For those who’ve somehow missed all the headlines, including the splashy debut of the Lightning last night at Ford World Headquarters in Dearborn, Michigan, this is the automaker’s second long-range battery-electric vehicle and, when it actually goes on sale a year from now, it will enter a highly competitive market segment including the Tesla Cybertruck, the GMC Hummer and as many as eight or nine other BEV pickups.
In contrast to Tesla’s radical entry, the Lightning adopts a relatively familiar shape, largely retaining the look of today’s gas and diesel F-150 line. That’s not because the automaker lacked imagination. The goal was to send potential buyers a clear message: unlike so many other battery-electric vehicles, Lightning retains most of what you expect from a classic pickup truck while adding some critical new features.
It can tow a hefty trailer, traverse tough off-road courses, carry plenty of cargo and passengers, and stand up to the sort of abuse commercial users are likely to put Lightning through, Ford EV chief Darren Palmer said during my visit to the Proving Grounds.
At the same time, it slashes energy costs, eliminates most routine maintenance chores, like oil changes and tune-ups. It has a positively huge hidden storage compartment, or “frunk,” and it can serve as a mobile generator, delivering up to 9.6 kilowatts of power, whether at home, work or campsite.
A whole new experience
So, anyway, goes the Ford talking points. We’ll have to wait until roughly this time next year to truly put Lightning through its paces. But, if the morning I spent riding along with members of the Lightning development team is any indication, this truck has a lot to offer.
My first indication of its capabilities came as I climbed into the shotgun seat with the program’s chief engineer, Linda Zhang. She drove the electric F-150 out onto the test center’s high-speed oval track and slammed the throttle. I immediately sank deep into my seat while watching the digital speedometer flash from 0 to 96 mph.
All versions of the Lightning will come with twin electric motors, one on each axle, yielding what’s known as through-the-road all-wheel-drive. There is no driveshaft linking front and rear, something that pays off in the form of a flat load floor.
The standard-range, 230-mile version of the Lightning makes 426 horsepower, the extended-range package punches that up to 563. Torque, with both models, comes in at 775 pound-feet.
According to Ford, the beefier version will get you from 0 to 60 in an impressive 4.5 seconds. Nonsense. Comparing notes with a couple other outsiders who also managed to hitch rides, the general consensus is that Ford’s electric pickup, at least in prototype form, is hitting 60 somewhat closer to 3.5 seconds. That would handily exceed the performance of the old, gas-powered F-150 Lighting muscle truck of years past.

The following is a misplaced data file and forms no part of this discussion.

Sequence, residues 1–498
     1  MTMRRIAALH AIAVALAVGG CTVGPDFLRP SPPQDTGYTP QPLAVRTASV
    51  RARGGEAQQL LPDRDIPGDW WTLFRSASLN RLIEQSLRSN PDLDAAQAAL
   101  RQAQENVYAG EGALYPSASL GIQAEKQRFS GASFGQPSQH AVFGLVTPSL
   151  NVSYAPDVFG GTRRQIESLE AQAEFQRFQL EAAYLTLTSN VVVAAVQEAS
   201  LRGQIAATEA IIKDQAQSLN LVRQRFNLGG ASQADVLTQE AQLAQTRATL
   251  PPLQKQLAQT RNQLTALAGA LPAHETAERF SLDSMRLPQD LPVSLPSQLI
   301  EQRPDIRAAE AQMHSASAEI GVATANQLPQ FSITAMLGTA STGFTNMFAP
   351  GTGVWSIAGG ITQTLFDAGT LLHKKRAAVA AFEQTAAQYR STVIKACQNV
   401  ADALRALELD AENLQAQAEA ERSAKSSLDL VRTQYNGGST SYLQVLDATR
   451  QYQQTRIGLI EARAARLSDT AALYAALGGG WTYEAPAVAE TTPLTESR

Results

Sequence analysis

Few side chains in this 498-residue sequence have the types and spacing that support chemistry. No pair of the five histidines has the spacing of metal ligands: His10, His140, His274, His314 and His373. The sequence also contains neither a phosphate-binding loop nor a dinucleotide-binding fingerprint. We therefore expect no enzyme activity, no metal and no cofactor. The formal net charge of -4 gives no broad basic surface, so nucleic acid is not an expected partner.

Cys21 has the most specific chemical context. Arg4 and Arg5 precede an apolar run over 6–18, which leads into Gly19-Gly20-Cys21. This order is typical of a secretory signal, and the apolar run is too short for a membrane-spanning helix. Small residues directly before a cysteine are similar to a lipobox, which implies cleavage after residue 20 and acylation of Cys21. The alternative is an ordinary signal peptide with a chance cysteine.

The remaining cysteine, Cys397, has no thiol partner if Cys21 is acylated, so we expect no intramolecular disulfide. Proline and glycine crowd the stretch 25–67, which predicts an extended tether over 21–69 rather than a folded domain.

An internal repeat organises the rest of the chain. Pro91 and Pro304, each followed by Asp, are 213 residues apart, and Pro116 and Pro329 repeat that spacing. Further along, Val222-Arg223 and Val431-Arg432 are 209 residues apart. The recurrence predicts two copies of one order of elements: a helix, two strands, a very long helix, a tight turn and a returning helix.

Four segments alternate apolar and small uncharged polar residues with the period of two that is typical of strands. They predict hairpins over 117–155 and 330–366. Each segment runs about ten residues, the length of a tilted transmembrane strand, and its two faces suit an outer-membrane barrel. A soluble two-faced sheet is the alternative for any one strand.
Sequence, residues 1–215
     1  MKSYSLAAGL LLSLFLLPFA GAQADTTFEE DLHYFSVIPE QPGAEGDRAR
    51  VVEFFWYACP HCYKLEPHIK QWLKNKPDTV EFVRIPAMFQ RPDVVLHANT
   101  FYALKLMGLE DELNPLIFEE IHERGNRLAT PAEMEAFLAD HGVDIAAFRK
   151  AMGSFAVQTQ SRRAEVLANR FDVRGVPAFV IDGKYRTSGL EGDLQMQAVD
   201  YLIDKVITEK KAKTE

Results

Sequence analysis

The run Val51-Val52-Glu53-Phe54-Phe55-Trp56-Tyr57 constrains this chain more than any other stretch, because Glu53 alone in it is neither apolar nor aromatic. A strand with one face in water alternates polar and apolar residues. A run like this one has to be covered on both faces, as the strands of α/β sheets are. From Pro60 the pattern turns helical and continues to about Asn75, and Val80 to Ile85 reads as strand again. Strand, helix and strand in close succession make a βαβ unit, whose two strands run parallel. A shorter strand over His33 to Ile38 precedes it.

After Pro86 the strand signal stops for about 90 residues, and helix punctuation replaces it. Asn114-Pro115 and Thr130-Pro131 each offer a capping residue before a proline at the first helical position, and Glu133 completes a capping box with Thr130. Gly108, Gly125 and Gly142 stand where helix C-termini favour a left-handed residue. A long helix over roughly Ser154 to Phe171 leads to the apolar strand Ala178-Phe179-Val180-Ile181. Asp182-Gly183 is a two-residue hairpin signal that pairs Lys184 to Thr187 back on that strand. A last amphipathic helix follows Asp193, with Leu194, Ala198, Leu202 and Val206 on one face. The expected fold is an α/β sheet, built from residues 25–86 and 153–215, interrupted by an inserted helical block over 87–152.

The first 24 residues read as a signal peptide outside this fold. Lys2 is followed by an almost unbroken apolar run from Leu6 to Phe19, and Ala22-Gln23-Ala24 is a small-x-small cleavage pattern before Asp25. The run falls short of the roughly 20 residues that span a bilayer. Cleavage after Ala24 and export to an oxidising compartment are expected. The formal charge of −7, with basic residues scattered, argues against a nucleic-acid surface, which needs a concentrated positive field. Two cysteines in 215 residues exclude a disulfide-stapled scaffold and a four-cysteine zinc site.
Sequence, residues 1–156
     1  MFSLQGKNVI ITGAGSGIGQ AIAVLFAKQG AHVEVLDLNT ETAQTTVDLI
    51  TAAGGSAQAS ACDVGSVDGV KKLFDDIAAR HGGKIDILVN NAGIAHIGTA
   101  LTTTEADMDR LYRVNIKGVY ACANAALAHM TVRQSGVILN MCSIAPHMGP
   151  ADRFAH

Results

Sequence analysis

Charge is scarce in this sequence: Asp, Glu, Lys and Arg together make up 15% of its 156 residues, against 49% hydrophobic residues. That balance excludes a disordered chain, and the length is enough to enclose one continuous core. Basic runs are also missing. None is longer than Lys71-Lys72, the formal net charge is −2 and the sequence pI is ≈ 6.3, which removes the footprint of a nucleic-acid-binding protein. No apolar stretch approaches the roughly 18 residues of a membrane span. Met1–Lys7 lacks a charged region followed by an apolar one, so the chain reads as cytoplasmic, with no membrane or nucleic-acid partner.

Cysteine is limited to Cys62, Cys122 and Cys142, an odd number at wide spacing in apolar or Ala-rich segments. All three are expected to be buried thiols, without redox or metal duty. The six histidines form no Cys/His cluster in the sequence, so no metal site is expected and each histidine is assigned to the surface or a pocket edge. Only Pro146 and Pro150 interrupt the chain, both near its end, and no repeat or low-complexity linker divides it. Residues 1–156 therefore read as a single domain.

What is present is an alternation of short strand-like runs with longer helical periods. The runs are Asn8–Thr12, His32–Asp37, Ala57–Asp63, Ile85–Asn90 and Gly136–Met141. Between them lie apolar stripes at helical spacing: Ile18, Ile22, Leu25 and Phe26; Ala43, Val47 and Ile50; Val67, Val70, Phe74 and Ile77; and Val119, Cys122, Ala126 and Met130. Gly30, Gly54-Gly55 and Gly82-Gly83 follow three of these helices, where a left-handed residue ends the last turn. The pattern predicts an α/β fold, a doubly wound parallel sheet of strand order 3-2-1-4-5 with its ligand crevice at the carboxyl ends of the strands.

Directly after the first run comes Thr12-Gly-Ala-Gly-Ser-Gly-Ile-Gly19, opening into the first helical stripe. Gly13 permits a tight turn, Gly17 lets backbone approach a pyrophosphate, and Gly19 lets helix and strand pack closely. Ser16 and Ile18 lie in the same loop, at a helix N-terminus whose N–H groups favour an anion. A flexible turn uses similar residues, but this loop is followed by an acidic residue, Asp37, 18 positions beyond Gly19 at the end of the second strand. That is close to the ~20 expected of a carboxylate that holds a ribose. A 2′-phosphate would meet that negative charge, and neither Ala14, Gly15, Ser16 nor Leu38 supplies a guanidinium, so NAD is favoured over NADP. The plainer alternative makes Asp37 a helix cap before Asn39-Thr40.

Dealing with curves, bumps — and trailers
Unlike the original Lightning, the battery-based pickup appears to be more than just a straight-line rocket. It actually has a handling advantage over an F-150 with an internal combustion engine with a lower center of gravity. And, rather than being nose heavy, it has something closer to 50/50 weight distribution thanks to mounting both motors and the battery pack below the load floor.
That layout was also apparent when I subsequently joined another Lightning team member for a few laps of Ford’s long and steep towing track. Behind us, the pickup was hitched to a 6,000-pound trailer. The immediate torque offered by Lightning’s twin electric motors immediately got us into motion, no initial grunt and grind. But as we looped the course, speeding up and slowing down, and managing grades of 20% or steeper, there was another apparent advantage.
Hefty trailers can yank the lighter back end of a conventional pickup to-and-fro. It helps that the Lightning, like other F-150s, offers electronic Trail Sway Control but, even with it off, the pickup remained solidly planted, lap after lap.
The third challenge took us out on the Proving Grounds’ rugged off-road course, a deeply rutted route I’d experienced only months earlier with a conventional F-Series.
One of the downsides of battery power is that lithium-ion cells don’t like to be abused. Perforate them and you do risk a fire, though that’s a relatively uncommon experience. Nonetheless, the Lightning team decided to protect not just the pack but the entire underbelly with aluminum skid plates. And they were more than up to the task, my driver intentionally making his way over hills, moguls, ruts and loose gravel as aggressively as possible.
Here, the torque of the electric motors again comes into play. Even at rock crawl speed, the motors deliver maximum torque as soon as they start spinning, rather than having to rev up. There’s no need for a low-range gear set, though the Lightning does offer a locking rear differential to enhance traction in truly tough situations — such as having one wheel come off the ground.
Admittedly, my time in the new Lightning was relatively limited. And I didn’t get to experience the truck hands on. That said, there was no mistaking the competence the electric F-150 showed in all three situations.
Normally, at this point, product developers are still working out the kinks and bugs. And, no doubt, there’s still plenty of work to be done before we see the final product roll into showrooms in spring 2022. But my initial foray was clearly promising, all the more so considering the standard range Ford F-150 Lightning will start at just $39,974 — before up to $7,500 in federal tax credits.